Reflections of large signals (0->1111 transition) might swamp small signals (0->0001 transition).

A 4-bit (=16 level) flash AD at 100 Mhz is not trivial.

Generally, doubling the baudrate is often much easier than doubling the number of levels that have to be resolved.

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  • \$\begingroup\$ Given that you can get "16" bit > 100 MSPS ADCs, finding a device which can give you four real bits should not be a problem. The 8-bit parts used in various DIY oscilloscope projects might be more relevant. \$\endgroup\$ – Chris Stratton Nov 8 '12 at 19:18
  • \$\begingroup\$ Yes, but there is a limitation in this doubling. Analogous to doubling the cpu frequencies... there comes a point when it just can't be done any more and some alternate direction must be taken. Relfections may or may not be an issue depending on length and termination quality. It may be the real down side but I guess real experimental proof is needed. \$\endgroup\$ – JonSlaughter Nov 8 '12 at 19:26
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There is a fundamental flaw in your logic, which is that you are assuming there is no such thing as differential mode noise. There certainly is! Even if no differential noise is added, some amount of common mode noise will appear as differential noise at the receiver.

Part of your basic idea is correct though, which is that the total data rate is governed both by the bandwidth and the signal to noise ratio. Look up Shannon and Nyquist, and you should find the formal mathematical description of what the maximum possible data rate is for a given bandwidth and S/N ratio.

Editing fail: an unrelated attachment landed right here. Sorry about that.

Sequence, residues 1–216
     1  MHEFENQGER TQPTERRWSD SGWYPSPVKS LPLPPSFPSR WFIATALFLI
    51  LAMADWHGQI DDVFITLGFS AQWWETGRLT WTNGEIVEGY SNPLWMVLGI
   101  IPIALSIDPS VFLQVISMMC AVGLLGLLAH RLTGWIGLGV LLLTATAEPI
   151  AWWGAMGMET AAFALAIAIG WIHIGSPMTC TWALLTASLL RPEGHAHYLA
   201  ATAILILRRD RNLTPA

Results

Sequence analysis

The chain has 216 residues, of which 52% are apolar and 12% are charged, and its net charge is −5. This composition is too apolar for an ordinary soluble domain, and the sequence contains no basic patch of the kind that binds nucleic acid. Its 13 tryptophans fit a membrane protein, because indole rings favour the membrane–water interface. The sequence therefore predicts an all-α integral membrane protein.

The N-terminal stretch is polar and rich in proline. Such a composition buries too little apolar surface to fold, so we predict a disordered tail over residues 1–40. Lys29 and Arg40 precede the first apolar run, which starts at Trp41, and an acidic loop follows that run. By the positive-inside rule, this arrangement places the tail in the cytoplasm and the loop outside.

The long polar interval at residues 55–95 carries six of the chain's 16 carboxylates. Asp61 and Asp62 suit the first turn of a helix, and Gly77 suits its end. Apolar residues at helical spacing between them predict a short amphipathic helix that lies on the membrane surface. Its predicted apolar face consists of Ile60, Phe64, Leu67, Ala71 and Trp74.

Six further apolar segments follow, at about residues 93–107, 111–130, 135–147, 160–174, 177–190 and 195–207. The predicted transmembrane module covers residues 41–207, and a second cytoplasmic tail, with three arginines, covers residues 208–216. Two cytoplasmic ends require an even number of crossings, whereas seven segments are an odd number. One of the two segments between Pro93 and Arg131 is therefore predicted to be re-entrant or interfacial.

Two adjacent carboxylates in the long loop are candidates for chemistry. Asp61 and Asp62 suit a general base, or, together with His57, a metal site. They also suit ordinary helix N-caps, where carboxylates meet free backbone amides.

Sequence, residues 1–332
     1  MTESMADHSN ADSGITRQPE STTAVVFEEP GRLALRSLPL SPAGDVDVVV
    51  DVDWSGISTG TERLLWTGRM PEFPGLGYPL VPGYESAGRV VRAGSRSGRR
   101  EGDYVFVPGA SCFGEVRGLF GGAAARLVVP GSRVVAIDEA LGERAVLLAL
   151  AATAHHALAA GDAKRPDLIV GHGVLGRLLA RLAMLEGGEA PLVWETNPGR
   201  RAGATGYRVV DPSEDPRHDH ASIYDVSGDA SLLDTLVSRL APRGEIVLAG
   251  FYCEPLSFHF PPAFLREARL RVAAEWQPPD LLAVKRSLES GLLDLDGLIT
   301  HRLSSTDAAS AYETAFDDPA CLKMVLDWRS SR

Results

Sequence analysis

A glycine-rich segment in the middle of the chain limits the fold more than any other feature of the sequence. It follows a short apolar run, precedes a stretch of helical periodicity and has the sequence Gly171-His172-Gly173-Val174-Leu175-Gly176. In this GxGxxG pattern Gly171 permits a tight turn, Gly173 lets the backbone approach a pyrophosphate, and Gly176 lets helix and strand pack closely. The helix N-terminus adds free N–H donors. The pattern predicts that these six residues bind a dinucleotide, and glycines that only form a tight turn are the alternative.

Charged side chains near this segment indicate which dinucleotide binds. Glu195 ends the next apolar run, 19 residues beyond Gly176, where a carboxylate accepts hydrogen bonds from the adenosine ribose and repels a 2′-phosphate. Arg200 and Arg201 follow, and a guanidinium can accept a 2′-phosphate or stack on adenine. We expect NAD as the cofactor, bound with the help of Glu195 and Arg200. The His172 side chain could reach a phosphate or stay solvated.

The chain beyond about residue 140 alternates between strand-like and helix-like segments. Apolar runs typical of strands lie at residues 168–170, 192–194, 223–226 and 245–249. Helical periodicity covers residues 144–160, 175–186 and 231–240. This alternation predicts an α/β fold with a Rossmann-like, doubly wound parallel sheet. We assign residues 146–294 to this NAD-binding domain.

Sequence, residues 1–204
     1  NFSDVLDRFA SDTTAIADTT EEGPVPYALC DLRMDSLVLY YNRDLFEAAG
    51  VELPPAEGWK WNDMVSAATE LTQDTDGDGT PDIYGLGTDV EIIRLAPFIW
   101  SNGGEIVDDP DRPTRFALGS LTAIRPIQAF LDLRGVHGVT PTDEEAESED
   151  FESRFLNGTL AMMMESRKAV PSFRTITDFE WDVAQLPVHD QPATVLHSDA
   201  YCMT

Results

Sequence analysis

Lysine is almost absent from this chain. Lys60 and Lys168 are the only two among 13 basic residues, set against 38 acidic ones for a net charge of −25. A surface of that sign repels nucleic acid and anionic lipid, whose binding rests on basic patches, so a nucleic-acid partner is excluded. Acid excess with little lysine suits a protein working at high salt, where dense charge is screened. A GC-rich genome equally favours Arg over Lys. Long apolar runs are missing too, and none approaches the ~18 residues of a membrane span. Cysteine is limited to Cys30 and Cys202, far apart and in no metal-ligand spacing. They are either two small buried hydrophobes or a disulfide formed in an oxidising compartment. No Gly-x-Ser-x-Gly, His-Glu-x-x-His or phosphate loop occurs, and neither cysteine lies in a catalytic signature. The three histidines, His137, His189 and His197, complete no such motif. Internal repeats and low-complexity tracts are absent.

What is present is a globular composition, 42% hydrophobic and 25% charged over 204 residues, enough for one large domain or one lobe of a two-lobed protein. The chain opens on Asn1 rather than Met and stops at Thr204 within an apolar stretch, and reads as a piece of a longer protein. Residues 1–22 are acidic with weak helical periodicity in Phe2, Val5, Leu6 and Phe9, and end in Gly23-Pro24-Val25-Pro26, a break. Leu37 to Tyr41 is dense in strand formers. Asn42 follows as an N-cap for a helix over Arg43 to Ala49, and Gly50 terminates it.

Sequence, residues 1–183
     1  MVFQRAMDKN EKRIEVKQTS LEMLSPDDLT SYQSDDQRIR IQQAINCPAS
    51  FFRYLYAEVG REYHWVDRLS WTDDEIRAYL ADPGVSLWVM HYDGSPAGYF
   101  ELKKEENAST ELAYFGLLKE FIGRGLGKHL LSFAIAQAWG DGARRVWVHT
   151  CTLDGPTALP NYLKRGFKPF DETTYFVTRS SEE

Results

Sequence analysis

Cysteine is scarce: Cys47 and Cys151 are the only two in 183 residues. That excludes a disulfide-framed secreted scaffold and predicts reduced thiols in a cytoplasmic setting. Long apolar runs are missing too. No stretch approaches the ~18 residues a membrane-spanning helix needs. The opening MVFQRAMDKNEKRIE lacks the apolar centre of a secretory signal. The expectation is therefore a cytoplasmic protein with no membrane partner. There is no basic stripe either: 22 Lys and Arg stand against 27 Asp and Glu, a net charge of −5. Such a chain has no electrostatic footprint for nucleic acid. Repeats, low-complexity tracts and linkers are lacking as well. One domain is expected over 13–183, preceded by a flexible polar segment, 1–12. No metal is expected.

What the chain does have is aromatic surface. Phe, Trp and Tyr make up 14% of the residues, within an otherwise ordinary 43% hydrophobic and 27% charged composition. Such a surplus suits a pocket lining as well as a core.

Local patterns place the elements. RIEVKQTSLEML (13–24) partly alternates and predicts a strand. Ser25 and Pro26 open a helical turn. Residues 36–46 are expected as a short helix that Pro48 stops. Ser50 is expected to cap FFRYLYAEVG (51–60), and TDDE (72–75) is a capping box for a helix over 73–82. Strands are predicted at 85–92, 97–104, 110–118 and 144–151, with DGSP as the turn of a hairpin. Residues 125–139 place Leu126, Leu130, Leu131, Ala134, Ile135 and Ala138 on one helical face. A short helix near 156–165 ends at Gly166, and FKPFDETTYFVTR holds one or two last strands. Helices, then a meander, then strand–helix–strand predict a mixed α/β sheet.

So to answer your question, yes there is a downside to what you are proposing. The more levels you use, the lower the noise immunity, which then effectively lowers the data rate. Multi-level signalling makes sense in cases where the bandwidth has to be limited and sufficient signal to noise ratio is available. However for ordinary cables, that is not the case. This is why most protocols take the easier route to getting the maximum data rate by cranking up the bit rate to where two signal levels is just what the remaining signal to noise ratio can support.

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  • \$\begingroup\$ Olin, the differential noise will exist on normal single bit methods. The larger voltage transitions may increase differential noise, maybe to an unacceptable level BUT this is why I'm asking questions. Every method has it's drawbacks. I do not think differential mode noise is one of them in this specific case but it is possible. \$\endgroup\$ – JonSlaughter Nov 8 '12 at 20:59
  • \$\begingroup\$ @JonS: There are lots of ways differential mode noise can show up at the receiver. Assuming all noise is external and common mode is not good since that's simply not how real systems work. Much of the external noise will be common mode, but some not, and even some of the common mode noise will appear as differential noise at the receiver. You are going to have differential noise. There will be a finite signal to noise ratio, and that together with the bandwidth will limit the total data transfer rate. You can't cheat basic physics. \$\endgroup\$ – Olin Lathrop Nov 8 '12 at 21:08
  • \$\begingroup\$ I can't argue with you on the subject. Obviously there is an effect but the issue is how much. Since ethernet does not seriously suffer from these issues AFAIK, it seems to me like it is not a big deal. I must assume that for Cat5+ the issue is not a problem(in general). The question then remains if the multiple voltages per conductor increase this problem. I do not know and you have no proved this in any way(no offense, just that you haven't given any logic or evidence to suggest it will be an issue when going from single to multiple voltage levels). \$\endgroup\$ – JonSlaughter Nov 8 '12 at 21:12
  • \$\begingroup\$ Basically you are stating theoretical facts. It is obvious that adding multiple voltage levels per conductor will decrease the noise immunity, which is why I suggested pre-amplifying them to a larger voltage level to keep the same interlevel voltage margins. So, again, the question is not if but how much and that takes either a lot of math or real world data... \$\endgroup\$ – JonSlaughter Nov 8 '12 at 21:14